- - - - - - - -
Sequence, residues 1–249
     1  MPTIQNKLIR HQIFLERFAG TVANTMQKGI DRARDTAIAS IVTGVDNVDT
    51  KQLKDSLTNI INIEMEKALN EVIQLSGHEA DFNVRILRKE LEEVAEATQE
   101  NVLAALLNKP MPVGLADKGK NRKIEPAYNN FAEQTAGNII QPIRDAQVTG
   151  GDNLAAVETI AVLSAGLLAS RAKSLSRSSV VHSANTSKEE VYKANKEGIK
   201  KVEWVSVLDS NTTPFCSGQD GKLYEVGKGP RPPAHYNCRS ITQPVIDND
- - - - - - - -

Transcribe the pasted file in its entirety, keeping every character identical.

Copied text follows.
Sequence, residues 1–249
     1  MPTIQNKLIR HQIFLERFAG TVANTMQKGI DRARDTAIAS IVTGVDNVDT
    51  KQLKDSLTNI INIEMEKALN EVIQLSGHEA DFNVRILRKE LEEVAEATQE
   101  NVLAALLNKP MPVGLADKGK NRKIEPAYNN FAEQTAGNII QPIRDAQVTG
   151  GDNLAAVETI AVLSAGLLAS RAKSLSRSSV VHSANTSKEE VYKANKEGIK
   201  KVEWVSVLDS NTTPFCSGQD GKLYEVGKGP RPPAHYNCRS ITQPVIDND